- Platform preparation includes flushing and cleaning of tanks and processing equipment, disposal of hydrocarbons, removal of platform equipment and removal of marine growth around underwater structures. During this time, the platform is still considered to be ‘live’ because hydrocarbons are still present, and utilities, power and safety systems must be maintained.
- Plugging and abandonment is one of the major costs of decommissioning and involves removal of the lining of the borehole and plugging of all the points where hydrocarbons flow into it. This can be done with a temporary plug, which can be removed if it’s decided to reactivate the well, but this decision must be taken before plugging commences; permanently plugged wells cannot be restarted.
- Mobilisation/demobilisation and platform removal can be done in a single lift, as with Brent Delta, or piecemeal, with units dismantled and removed in sections. This would be assessed on a case-by-case basis.
- Pipeline or power cable decommissioning can be carried out in place if they do not interfere with navigation or fishing, but otherwise they must be removed to below the seabed level.
- Materials disposal and site clearance includes the dismantling and treatment of topsides, locating debris and other materials before and after removal processes, deployment of divers and ROVs to remove remaining debris and test-trawling the area to ensure that no obstructions remain.
Plugging and abandonment (P&A) is perhaps the most technically challenging part of decommissioning, as it involves intervening with the oilwell structures themselves. Increasingly, the operation is being carried out by modular rigs, designed, built and operated by specialists, which are transported to the site specifically for this task.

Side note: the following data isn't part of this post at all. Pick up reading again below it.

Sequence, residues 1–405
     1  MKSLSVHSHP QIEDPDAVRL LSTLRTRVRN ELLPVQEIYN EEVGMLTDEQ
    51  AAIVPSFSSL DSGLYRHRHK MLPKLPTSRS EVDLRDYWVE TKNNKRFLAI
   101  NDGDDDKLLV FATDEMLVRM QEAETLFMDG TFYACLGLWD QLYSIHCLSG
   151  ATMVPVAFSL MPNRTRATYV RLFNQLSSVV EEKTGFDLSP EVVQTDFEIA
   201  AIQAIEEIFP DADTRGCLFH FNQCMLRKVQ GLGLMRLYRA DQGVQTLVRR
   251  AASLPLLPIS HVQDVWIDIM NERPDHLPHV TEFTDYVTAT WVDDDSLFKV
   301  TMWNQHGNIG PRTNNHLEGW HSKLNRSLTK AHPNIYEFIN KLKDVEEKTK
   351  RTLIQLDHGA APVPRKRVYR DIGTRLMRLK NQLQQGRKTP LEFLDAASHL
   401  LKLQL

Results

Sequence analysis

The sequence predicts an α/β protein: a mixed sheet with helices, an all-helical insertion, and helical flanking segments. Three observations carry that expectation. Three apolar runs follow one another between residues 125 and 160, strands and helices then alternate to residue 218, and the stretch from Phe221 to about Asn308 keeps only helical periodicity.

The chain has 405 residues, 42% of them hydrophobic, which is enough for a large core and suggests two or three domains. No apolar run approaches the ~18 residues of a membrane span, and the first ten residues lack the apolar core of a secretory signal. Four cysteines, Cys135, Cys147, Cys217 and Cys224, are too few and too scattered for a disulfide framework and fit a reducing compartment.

One such rig is the Topaz, operated by oilfield services company Archer, which is carrying out P&A on the Norwegian Heimdall field in the northern North Sea. The technical manager for Topaz construction, Geir Hagen, said that modular rigs present a good solution for drilling operations on older wells. “Many of these platforms have been in operation for decades as production facilities, but they haven’t drilled for years. In many cases, including Heimdall, the drilling equipment has been taken away; when it’s still there, it’s usually old. Units such as Topaz are built to modern specifications, so they’re compliant with all the current regulations. They’re made so that they can be lifted onto the platform using their own crane, and carry exactly the machinery needed to do the job. It’s a cost-effective way for the platform operators to have the technology they need available.”
Topaz and its sister rig, Emerald, were both built by German offshore specialist Max Streicher, and designed to be as compact and mechanically efficient as possible, quick to set up and run by a small crew. They are particularly suited to the North Sea, Hagen said, and the company is planning to build more as demand for P&A activity increases. Emerald is currently operating on a Shell rig in New Zealand, carrying out production drilling activities. “The use of modular rigs is becoming widely accepted by all the major players,” Hagen added.
Drilling is often the easiest option for plugging wells, Hagen said. “The lining of the well has to be removed to below the level where hydrocarbons are produced, and they’re grouted into place, so effectively we’re milling or grinding them away so that we can introduce the plug to seal off the well.” Temporary plugs are similar to the capping equipment used to seal wells in an emergency, while permanent ones are generally made of concrete.
Decommissioning is an industry in itself, and one where the UK is well placed to become a centre of excellence. While drilling and production continues in the North Sea and elsewhere on the continental shelf, cleaning up the remains of the process is as much a part of the industry as pumping out the hydrocarbons, and just as important.